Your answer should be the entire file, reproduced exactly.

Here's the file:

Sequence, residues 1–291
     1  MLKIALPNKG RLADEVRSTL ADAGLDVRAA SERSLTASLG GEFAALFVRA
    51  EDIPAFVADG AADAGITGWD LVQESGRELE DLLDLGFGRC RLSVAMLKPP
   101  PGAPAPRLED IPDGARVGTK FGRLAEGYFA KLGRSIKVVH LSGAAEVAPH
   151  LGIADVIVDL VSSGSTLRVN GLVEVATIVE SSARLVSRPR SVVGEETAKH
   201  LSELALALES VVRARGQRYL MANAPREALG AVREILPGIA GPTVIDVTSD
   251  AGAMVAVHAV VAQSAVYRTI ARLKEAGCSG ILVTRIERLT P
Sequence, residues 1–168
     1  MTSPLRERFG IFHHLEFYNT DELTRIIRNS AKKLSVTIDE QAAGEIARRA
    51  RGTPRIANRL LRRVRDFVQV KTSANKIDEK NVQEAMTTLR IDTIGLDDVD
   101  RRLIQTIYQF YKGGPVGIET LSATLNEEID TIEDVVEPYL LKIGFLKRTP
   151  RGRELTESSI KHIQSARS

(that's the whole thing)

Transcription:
Sequence, residues 1–291
     1  MLKIALPNKG RLADEVRSTL ADAGLDVRAA SERSLTASLG GEFAALFVRA
    51  EDIPAFVADG AADAGITGWD LVQESGRELE DLLDLGFGRC RLSVAMLKPP
   101  PGAPAPRLED IPDGARVGTK FGRLAEGYFA KLGRSIKVVH LSGAAEVAPH
   151  LGIADVIVDL VSSGSTLRVN GLVEVATIVE SSARLVSRPR SVVGEETAKH
   201  LSELALALES VVRARGQRYL MANAPREALG AVREILPGIA GPTVIDVTSD
   251  AGAMVAVHAV VAQSAVYRTI ARLKEAGCSG ILVTRIERLT P
Sequence, residues 1–168
     1  MTSPLRERFG IFHHLEFYNT DELTRIIRNS AKKLSVTIDE QAAGEIARRA
    51  RGTPRIANRL LRRVRDFVQV KTSANKIDEK NVQEAMTTLR IDTIGLDDVD
   101  RRLIQTIYQF YKGGPVGIET LSATLNEEID TIEDVVEPYL LKIGFLKRTP
   151  RGRELTESSI KHIQSARS